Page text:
Separating Form & Function to Facilitate Rapid Change & Development, Whilst Maintaining Aesthetic Richness Where it Counts
"There is a natural trade-off between functional and aesthetic richness."You can't have something that is at the same time both an excellent high-functionality application and a great work of online art."That point falls outside the sphere of design. The reason for this is that things that have the highest aesthetic beauty and impact cause you to stop and look at them, while things that are most functionally effective help you to do the job you want to achieve without being looked at. The two can't happen at the same time."The most functional web sites are those that are information-rich, quick to load and totally obvious to use. While they can also be pleasing and attractive, their focus on function would be compromised if they were extremely visually impacting."Likewise, the most beautiful designs - the ones that make you stop and stare - are rich in visually-stimulating elements. While they can certainly also be highly usable, they cannot also feature the weight of highly functional features that would also put them at the very top of the functional quality scale." [Ben Hunt, The Web Doctor]
Have you ever put a huge amount of effort into creating wall charts to use in workshops? Written a facilitators manual which took you hours to do? Then you have a meeting of your peers and they want, in the name of progress, to make some changes to some of the wording and categorisations used in the material you all use. You are reluctant to agree to the change because you will have to completely re-do your wall charts and it will take hours to re do the manuals, not to mention the cost of having new print runs!!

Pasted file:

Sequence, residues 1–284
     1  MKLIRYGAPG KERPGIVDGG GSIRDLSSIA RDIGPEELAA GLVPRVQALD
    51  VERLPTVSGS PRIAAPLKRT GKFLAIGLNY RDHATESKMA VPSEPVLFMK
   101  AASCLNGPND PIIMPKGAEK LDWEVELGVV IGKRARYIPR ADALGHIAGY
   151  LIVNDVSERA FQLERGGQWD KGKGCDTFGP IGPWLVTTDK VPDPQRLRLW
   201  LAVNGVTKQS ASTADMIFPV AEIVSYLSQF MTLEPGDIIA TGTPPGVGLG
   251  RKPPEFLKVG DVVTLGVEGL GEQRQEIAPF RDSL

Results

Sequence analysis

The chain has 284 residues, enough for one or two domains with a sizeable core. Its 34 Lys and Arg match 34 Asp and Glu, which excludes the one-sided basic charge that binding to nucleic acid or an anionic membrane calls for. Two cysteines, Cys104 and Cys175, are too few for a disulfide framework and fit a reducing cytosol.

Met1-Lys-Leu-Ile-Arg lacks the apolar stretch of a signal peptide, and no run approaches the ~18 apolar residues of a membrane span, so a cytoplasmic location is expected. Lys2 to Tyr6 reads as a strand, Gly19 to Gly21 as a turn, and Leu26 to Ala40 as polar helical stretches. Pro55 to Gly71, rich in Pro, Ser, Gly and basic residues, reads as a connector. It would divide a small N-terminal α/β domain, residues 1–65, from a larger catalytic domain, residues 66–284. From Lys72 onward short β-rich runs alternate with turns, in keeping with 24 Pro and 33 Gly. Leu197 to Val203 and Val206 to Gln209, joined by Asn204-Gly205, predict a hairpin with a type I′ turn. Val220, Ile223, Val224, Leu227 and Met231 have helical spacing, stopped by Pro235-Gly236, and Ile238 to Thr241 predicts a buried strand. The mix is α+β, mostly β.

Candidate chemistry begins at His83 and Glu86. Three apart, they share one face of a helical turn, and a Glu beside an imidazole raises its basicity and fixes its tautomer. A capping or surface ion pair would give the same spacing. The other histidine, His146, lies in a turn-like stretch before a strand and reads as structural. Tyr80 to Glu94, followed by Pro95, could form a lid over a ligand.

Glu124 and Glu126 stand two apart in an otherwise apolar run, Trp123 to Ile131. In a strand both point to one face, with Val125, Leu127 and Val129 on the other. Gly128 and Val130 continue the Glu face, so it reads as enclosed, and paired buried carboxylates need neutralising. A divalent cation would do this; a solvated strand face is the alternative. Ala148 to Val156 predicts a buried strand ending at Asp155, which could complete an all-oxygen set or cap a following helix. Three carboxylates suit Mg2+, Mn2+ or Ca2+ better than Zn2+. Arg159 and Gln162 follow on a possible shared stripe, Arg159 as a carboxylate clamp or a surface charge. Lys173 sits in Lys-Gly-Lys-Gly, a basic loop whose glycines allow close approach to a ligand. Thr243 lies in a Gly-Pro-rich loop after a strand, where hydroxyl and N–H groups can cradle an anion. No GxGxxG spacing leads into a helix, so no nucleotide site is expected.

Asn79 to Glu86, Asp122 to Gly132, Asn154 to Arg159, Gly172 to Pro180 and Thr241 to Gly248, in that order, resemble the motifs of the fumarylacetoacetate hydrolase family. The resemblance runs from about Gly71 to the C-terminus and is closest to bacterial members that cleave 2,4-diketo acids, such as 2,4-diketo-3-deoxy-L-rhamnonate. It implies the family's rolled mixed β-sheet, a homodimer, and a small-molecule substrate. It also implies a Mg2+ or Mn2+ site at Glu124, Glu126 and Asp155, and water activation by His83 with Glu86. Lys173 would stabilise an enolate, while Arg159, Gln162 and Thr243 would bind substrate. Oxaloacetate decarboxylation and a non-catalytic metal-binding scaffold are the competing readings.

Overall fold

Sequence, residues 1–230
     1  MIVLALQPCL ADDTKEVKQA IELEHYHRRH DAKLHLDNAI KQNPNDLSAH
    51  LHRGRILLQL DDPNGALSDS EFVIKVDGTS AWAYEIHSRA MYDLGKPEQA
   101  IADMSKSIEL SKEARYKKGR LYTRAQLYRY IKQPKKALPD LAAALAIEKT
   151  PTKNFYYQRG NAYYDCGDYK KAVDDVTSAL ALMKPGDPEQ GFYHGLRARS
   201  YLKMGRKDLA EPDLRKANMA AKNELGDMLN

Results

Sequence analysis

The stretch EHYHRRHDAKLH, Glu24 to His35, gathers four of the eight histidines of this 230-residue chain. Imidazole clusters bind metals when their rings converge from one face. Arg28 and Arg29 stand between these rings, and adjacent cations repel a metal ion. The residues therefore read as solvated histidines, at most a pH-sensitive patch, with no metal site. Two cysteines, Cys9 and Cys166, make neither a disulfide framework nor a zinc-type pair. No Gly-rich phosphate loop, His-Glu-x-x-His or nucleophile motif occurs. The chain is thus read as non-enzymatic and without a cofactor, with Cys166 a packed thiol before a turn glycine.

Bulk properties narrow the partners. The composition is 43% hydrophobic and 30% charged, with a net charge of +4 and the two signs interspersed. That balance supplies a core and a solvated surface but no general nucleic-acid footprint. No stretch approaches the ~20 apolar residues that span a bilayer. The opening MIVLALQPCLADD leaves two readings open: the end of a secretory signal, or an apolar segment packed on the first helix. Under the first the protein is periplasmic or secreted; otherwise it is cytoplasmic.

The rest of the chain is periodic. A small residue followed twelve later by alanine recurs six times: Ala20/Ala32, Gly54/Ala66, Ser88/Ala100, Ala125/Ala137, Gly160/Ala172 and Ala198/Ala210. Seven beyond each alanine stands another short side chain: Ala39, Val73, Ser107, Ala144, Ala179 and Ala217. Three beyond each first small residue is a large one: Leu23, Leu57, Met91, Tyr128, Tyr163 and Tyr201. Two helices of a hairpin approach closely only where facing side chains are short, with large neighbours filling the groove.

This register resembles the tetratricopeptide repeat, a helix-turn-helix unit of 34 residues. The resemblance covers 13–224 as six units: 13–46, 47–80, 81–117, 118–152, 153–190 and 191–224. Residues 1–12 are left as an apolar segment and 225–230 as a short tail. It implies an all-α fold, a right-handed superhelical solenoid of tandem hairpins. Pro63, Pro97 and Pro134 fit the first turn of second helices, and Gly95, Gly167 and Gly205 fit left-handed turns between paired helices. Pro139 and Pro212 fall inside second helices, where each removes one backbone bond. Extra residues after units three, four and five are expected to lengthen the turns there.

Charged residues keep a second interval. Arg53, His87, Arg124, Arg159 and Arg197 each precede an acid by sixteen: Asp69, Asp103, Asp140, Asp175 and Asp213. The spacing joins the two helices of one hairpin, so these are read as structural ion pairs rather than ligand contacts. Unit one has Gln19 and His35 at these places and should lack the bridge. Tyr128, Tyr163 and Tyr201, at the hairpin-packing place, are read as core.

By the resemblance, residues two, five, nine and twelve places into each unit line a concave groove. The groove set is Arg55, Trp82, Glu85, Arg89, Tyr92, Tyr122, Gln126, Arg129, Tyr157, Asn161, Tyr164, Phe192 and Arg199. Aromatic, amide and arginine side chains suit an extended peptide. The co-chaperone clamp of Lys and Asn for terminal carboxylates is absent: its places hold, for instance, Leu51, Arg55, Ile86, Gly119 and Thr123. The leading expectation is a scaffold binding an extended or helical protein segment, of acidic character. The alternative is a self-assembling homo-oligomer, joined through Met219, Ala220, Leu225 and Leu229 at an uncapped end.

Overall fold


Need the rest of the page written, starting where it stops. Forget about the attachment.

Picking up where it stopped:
This is an example of how effort involved in making changes to material, resulting in a total lack of motivation to engage in redoing or editing it, can significantly impede change and progress.
There is a solution, separate form and function:
- Separate form (structure, shape, appearance) and
- Function (process).
In the case of form, there's deep structure (internal structure) and surface structure (look/feel/ appearance) which also need to be separated. Let's use the Minessence Values Framework (MVF) as case example to illustrate how this works in practise.
At its core, the MVF is the structural relationship of values and other attributes and entities. Below is a snippet of this structure:
- Each Value has [name & description]
- Each Value is either [goal or means]
- Each Value belongs to one cluster [Self-Preservation | Security | Family | Self-Actualisation | Service | Emerging Order | Wisdom | Global Transformation]
- Some Values are associated with a Brain-Preference [Intuition-Thinking/Feeling | Thinking-Intuition/Sensing | Sensing-Thinking/Feeling | Feeling-Intuition/Sensing]
- Each Value is associated with one Motivation Field [Inspiration/Spirit | Integration/Insight | Meaning/Truth | Community/Heart | Control/Order | Leisure/Pleasure]
- Each value has a priority which a person or group of people place on it [0..100]
- And so on...